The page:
There is no doubt that all boaters in the Pacific need to be very aware of this serious debris hazard and of course, the environmental impact that comes with it.
At this very moment, up to 25 million tons of debris–occupying an area roughly the size of California–is a on a collision course for the North American west coast.
The floating wreckage, often called flotsam, is a result of the massively destructive, 9.0-magnitude earthquake that struck just off the coast of Japan last March.
Peninsula College oceanographers Curtis Ebbesmeyer and Jim Ingraham told the Huffington Post that the wreckage could include virtually anything that floats– portions of houses, boats, ships, furniture, cars and even human remains (athletic shoes can act as flotation devices).
“You’re going to have the flotsam go four places,” Ebbesmeyer explained to the the American Foreign Press. “Some is going to sink, which might be a quarter; some is going to come to North America, which might be a quarter; some is going to come around back to Japan, which might be a quarter, about six years later; some is going to go into the garbage patch, which might be a quarter roughly.”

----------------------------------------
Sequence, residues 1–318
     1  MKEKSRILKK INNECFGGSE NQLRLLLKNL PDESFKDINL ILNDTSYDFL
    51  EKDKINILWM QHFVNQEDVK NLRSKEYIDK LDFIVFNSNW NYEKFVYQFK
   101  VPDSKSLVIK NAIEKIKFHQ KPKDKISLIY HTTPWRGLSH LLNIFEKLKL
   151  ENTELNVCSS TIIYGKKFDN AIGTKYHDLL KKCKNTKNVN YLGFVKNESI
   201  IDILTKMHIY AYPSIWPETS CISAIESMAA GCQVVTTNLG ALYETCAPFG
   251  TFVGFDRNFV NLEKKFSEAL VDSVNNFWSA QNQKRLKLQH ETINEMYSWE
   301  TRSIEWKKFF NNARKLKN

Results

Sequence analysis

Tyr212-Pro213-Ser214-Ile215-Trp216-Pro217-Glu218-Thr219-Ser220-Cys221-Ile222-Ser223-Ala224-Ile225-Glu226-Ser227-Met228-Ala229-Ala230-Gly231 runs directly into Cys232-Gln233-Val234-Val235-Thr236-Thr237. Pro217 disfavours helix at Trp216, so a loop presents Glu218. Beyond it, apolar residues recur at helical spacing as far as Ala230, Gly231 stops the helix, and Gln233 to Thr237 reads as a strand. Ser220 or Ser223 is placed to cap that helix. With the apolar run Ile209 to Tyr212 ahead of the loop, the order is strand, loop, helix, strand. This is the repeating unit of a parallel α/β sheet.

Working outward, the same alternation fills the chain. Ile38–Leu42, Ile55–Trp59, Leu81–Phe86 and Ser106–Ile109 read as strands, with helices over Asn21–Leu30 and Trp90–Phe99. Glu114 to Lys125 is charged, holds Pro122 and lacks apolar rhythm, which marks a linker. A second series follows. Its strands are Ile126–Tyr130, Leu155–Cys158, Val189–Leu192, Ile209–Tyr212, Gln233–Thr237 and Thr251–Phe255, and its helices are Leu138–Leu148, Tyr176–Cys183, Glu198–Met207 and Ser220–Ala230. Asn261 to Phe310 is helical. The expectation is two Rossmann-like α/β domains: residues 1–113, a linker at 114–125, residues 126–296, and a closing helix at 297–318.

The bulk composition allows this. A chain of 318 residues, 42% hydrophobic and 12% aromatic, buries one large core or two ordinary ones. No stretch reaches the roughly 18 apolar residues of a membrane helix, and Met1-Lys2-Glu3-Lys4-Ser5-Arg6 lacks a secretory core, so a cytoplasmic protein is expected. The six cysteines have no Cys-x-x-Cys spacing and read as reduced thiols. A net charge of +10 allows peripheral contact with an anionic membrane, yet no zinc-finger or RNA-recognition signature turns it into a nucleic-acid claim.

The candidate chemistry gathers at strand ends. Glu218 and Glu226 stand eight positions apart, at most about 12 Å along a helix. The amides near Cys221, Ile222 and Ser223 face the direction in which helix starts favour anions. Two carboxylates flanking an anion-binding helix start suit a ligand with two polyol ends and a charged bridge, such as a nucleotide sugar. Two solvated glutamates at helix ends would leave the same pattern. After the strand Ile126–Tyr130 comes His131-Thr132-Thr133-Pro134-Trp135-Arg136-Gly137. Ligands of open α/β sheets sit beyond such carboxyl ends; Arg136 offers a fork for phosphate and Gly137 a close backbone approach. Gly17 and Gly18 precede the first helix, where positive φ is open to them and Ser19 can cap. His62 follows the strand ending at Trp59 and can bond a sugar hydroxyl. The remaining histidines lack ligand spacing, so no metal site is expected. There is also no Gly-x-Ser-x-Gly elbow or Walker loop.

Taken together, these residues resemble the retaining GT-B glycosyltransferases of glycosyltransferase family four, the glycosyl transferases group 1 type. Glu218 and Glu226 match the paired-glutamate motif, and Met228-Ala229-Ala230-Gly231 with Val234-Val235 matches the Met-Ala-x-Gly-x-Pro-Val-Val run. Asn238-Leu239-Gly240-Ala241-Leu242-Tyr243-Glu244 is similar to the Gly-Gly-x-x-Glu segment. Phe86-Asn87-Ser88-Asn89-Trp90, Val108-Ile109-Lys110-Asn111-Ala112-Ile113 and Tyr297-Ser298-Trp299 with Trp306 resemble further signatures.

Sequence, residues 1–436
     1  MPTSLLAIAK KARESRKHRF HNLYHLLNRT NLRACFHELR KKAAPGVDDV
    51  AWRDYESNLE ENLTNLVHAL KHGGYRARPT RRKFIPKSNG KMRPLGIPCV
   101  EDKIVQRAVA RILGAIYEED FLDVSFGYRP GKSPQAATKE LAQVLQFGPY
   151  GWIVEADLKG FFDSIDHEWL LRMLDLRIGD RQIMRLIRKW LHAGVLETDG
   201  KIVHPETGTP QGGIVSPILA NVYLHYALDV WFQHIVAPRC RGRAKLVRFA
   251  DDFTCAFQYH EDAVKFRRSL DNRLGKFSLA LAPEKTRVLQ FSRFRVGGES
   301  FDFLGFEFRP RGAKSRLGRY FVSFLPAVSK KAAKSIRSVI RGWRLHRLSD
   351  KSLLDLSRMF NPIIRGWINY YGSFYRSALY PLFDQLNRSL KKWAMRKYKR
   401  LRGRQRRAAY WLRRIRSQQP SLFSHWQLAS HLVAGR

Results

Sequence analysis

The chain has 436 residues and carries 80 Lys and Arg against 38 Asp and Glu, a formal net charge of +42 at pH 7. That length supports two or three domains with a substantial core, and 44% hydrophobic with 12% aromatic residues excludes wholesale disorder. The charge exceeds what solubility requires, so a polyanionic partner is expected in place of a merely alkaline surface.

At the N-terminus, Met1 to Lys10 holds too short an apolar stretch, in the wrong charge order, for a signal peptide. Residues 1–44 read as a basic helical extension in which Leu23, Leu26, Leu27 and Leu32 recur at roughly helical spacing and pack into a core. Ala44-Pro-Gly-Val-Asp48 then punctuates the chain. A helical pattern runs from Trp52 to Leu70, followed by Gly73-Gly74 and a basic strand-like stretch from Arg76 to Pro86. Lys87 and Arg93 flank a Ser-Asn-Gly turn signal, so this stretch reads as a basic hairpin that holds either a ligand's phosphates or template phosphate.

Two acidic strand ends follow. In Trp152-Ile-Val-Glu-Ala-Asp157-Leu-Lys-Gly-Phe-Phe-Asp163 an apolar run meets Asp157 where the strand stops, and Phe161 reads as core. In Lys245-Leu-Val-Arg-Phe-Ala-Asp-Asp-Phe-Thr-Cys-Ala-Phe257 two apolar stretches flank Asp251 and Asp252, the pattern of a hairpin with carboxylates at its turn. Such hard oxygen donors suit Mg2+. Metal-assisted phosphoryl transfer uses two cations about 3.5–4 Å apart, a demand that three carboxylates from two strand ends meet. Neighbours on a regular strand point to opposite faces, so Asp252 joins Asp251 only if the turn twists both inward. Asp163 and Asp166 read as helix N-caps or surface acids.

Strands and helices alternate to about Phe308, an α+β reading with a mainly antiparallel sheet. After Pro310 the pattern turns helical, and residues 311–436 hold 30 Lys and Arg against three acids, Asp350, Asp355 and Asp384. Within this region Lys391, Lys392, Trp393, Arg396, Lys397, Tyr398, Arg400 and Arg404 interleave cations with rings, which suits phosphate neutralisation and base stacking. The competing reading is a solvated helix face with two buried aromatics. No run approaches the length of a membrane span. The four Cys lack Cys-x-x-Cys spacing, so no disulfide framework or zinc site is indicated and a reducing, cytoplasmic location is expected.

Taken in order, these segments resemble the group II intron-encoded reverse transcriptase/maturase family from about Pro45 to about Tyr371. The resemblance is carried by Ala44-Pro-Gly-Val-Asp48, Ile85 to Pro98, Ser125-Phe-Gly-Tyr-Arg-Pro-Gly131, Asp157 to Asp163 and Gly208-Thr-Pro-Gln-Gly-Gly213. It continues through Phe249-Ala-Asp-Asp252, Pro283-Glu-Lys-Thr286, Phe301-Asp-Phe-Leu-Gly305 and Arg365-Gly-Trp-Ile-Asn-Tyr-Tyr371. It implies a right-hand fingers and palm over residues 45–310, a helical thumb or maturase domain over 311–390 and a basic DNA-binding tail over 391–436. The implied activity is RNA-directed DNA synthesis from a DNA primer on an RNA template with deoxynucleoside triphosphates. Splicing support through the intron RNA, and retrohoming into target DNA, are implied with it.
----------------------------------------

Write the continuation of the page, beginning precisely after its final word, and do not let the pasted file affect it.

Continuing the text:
The first pieces of flotsam began to hit the United States in late 2011; however, a great deal more will likely wash ashore over the course of the next year two years–with the majority starting to land next winter.
The Environmental Protection Agency has begun coordinating with the U.S. Coast Guard on an extensive clean-up effort, but the agency admits they’re still largely in the dark about exactly what the scale of that effort will be.
“We don’t know how much is floating, we don’t know how much is buoyant, how much is under the surface, how much has broken up,” EPA Regional Director Jared Blumenfeld told ABC-7 News, “but we do know there is a huge amount of it and stuff that you don’t normally find. Cars, houses, telephone booths, I mean you name it.”
For the complete story, go to www.huffingtonpost.com.